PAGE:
1/04/2000  West Ham United          home PL   15.00
 5/04/2000  ?   EC qf i
 8/04/2000  Middlesborough           away PL   15.00
15/04/2000  Sunderland               home PL   15.00
19/04/2000  ?   EC qf ii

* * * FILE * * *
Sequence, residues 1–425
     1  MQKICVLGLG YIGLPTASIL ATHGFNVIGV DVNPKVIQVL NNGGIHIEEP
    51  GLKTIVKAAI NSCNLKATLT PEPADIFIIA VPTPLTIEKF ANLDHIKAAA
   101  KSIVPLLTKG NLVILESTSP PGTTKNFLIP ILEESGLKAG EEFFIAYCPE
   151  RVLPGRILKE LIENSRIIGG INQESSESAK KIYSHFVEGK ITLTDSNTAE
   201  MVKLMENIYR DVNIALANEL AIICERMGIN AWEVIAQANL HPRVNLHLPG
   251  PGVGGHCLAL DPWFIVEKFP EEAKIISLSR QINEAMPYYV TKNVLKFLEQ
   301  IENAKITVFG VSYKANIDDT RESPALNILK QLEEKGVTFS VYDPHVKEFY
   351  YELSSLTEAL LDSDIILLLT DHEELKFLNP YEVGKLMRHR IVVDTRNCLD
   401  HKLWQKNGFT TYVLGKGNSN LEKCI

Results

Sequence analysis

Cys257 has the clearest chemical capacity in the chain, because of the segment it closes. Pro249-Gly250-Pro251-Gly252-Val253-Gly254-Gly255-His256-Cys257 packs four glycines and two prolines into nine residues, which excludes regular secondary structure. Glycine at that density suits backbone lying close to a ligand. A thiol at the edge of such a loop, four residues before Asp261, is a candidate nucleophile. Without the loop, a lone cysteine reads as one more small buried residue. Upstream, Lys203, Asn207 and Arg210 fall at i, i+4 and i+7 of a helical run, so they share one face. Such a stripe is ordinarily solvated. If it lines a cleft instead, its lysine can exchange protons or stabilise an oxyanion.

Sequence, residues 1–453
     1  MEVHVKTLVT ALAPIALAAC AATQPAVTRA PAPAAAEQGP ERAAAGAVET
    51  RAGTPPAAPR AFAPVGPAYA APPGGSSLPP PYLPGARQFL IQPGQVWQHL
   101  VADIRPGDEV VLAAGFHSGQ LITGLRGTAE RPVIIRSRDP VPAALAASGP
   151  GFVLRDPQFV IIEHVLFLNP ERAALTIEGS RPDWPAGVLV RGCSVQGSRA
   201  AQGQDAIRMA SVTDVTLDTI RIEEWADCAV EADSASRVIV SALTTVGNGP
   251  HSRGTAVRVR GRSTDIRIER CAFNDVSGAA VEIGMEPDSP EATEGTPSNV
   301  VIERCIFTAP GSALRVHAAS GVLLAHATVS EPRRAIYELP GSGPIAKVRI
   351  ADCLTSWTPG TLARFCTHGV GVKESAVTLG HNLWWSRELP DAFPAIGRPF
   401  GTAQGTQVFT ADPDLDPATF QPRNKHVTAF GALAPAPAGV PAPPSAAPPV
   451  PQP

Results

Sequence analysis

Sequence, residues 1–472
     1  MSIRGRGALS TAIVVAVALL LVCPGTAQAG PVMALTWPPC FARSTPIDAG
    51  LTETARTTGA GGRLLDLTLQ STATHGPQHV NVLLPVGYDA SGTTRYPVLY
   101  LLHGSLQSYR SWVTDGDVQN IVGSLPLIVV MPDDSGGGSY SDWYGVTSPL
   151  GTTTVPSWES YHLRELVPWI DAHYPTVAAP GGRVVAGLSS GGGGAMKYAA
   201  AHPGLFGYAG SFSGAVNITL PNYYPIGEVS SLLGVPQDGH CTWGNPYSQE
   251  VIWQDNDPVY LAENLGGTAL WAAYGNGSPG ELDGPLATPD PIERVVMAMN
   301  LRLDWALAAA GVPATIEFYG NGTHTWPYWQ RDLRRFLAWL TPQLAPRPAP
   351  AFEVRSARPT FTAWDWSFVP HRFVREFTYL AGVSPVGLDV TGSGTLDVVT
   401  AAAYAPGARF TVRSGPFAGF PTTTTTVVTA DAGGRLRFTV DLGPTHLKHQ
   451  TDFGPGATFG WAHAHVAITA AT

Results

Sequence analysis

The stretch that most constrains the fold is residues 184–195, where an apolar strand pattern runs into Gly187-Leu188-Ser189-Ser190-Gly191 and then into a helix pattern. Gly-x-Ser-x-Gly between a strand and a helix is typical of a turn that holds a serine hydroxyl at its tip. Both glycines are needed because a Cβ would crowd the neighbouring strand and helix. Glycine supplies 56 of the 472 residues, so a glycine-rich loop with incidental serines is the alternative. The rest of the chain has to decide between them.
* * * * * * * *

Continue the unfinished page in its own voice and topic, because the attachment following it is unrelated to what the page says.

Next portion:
22/04/2000  Southampton              away PL   15.00
24/04/2000  Chelsea                  home PL   15.00
29/04/2000  West Ham United          away PL   15.00
 3/05/2000  ?   EC sf i
 6/05/2000  Tottenham Hotspur        home PL   15.00
10/05/2000  ?   EC sf ii
14/05/2000  Aston Villa              away PL   15.00
24/05/2000  ?    EC f